// [‘Firefox’] <- no problem, the value is an array testBrowser = 'Chrome'; // ['Firefox', 'Chrome'] (testBrowser); // 'Chrome' Finding an array item object by its propertyThis proxy extends an array with some utility features. As you see, you can flexibly "define" properties without using fineProperties(). This example can be adapted to find a table row by its cell. In that case, the target will be let products = new Proxy([ { name: 'Firefox', type: 'browser'}, { name: 'SeaMonkey', type: 'browser'}, { name: 'Thunderbird', type: 'mailer'}], // The default behavior to return the value; prop is usually an integer if (prop in obj) { return obj[prop];} // Get the number of products; an alias of if (prop === 'number') { return;} let result, types = {}; for (let product of obj) { if ( === prop) { result = product;} if (types[]) { types[](product);} else { types[] = [product];}} // Get a product by name if (result) { return result;} // Get products by type if (prop in types) { return types[prop];} // Get product types if (prop === 'types') { return (types);} return undefined;}}); (products[0]); // { name: 'Firefox', type: 'browser'} (products['Firefox']); // { name: 'Firefox', type: 'browser'} (products['Chrome']); // undefined (owser); // [{ name: 'Firefox', type: 'browser'}, { name: 'SeaMonkey', type: 'browser'}] (); // ['browser', 'mailer'] (); // 3 A complete traps list exampleNow in order to create a complete sample traps list, for didactic purposes, we will try to proxify a non-native object that is particularly suited to this type of operation: the docCookies global object created by a simple cookie framework. /* var docCookies =... get the "docCookies" object here: */ var docCookies = new Proxy(docCookies, { get: function (oTarget, sKey) { return oTarget[sKey] || tItem(sKey) || undefined;}, set: function (oTarget, sKey, vValue) { if (sKey in oTarget) { return false;} return tItem(sKey, vValue);}, deleteProperty: function (oTarget, sKey) { if (! sKey in oTarget) { return false;} return moveItem(sKey);}, enumerate: function (oTarget, sKey) { return ();}, ownKeys: function (oTarget, sKey) { has: function (oTarget, sKey) { return sKey in oTarget || oTarget. hasItem(sKey);}, defineProperty: function (oTarget, sKey, oDesc) { if (oDesc && 'value' in oDesc) { tItem(sKey, );} return oTarget;}, getOwnPropertyDescriptor: function (oTarget, sKey) { var vValue = tItem(sKey); return vValue? { value: vValue, writable: true, enumerable: true, configurable: false}: undefined;}, }); /* Cookies test */ (_cookie1 = 'First value'); (tItem('my_cookie1')); tItem('my_cookie1', 'Changed value'); (_cookie1); SpecificationsSpecificationECMAScript Language Specification (ECMAScript)# sec-proxy-objectsBrowser compatibilityBCD tables only load in the browserSee also "Proxies are awesome" Brendan Eich presentation at JSConf (slides) Tutorial on proxies" alt="nodejs proxy class,nodejs proxy object,npm proxy,nodejs https proxy,nodejs express proxy,node http-proxy-middleware,nodejs reverse proxy,http-proxy-middleware" title="nodejs proxy class,nodejs proxy object,npm proxy,nodejs https proxy,nodejs express proxy,node http-proxy-middleware,nodejs reverse proxy,http-proxy-middleware" />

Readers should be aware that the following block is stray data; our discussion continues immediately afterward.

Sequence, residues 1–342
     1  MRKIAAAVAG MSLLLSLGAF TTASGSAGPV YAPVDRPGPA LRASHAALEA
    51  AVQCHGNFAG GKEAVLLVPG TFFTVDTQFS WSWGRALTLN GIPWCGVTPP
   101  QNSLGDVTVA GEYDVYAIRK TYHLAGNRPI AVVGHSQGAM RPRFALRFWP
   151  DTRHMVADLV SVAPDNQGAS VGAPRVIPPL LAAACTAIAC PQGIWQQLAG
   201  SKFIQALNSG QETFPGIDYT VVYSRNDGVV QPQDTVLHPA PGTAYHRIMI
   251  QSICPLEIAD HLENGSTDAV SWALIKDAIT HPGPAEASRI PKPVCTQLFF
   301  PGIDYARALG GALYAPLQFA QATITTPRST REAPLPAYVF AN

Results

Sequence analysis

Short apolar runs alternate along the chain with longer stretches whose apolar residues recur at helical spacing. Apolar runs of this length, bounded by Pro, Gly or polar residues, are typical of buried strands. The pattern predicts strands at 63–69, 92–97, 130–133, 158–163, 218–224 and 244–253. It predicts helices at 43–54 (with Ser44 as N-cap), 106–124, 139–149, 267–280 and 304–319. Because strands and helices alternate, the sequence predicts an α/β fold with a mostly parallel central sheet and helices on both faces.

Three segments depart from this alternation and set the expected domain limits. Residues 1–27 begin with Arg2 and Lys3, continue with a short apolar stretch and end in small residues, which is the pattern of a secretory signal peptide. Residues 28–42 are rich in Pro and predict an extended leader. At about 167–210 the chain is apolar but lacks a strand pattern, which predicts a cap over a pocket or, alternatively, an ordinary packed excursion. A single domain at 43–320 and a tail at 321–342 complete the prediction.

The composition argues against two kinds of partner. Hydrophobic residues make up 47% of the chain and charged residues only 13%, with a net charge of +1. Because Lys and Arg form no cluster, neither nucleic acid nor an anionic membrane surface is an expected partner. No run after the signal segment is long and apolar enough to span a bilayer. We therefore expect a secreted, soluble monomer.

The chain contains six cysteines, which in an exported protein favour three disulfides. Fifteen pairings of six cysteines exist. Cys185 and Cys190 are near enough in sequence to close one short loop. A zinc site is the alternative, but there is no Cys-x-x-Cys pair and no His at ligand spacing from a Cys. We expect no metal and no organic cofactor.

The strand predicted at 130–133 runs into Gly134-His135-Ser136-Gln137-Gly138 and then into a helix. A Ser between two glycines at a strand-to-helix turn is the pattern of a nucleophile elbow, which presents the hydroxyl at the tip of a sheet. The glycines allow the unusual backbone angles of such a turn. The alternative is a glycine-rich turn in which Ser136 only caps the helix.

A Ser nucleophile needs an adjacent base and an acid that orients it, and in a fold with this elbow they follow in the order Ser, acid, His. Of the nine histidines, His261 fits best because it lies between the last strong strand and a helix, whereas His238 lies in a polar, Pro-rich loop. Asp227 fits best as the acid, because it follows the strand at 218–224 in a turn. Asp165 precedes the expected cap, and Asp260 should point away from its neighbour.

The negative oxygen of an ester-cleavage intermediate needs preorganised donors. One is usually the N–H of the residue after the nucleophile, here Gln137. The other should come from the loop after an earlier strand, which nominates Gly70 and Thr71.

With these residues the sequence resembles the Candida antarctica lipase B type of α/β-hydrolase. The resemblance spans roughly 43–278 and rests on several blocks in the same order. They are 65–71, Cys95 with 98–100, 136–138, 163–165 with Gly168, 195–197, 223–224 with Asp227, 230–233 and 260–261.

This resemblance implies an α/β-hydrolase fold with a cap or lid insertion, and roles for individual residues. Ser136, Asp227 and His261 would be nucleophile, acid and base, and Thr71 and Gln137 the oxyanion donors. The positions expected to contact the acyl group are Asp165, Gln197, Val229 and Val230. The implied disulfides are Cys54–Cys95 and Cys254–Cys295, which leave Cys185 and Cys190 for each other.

nodejs proxy class,nodejs proxy object,npm proxy,nodejs https proxy,nodejs express proxy,node http-proxy-middleware,nodejs reverse proxy,http-proxy-middleware

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What is Node JS proxy?
node-http-proxy is an HTTP programmable proxying library that supports websockets. It is suitable for implementing components such as reverse proxies and load balancers.

node-http-proxy is an HTTP programmable proxying library that supports websockets. It is suitable for implementing components such as reverse proxies and load balancers.

How do I setup a proxy server express?
HTTP